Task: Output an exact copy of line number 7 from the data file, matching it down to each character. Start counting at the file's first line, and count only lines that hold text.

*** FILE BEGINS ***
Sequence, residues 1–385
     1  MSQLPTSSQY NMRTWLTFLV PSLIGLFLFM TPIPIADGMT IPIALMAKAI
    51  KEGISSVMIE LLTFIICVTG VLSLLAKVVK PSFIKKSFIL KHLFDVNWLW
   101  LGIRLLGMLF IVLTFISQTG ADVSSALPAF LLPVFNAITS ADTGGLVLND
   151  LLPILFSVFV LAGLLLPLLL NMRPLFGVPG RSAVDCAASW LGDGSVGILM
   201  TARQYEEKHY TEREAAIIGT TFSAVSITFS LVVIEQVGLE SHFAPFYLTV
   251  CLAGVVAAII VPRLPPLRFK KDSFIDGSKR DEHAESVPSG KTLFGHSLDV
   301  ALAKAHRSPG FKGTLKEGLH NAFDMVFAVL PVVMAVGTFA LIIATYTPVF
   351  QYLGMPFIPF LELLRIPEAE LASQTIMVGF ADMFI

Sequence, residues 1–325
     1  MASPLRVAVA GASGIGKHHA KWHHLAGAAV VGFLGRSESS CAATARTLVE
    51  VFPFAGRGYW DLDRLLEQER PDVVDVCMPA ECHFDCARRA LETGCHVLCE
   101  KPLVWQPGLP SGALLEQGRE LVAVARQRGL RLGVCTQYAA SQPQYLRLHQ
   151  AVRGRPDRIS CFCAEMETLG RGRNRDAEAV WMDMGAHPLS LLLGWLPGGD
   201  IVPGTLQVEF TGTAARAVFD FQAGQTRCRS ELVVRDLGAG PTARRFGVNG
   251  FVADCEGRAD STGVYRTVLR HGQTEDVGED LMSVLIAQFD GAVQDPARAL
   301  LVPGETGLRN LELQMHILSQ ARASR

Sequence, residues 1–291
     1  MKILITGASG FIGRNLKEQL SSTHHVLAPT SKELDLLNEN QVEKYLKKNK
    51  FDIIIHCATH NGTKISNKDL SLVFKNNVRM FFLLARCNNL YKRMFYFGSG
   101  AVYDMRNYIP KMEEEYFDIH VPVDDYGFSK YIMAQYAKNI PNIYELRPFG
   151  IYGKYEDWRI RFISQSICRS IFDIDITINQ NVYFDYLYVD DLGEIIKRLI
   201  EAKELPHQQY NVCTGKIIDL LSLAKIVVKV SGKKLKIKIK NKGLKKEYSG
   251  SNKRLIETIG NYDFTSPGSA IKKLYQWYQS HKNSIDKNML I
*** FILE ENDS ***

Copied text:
   251  CLAGVVAAII VPRLPPLRFK KDSFIDGSKR DEHAESVPSG KTLFGHSLDV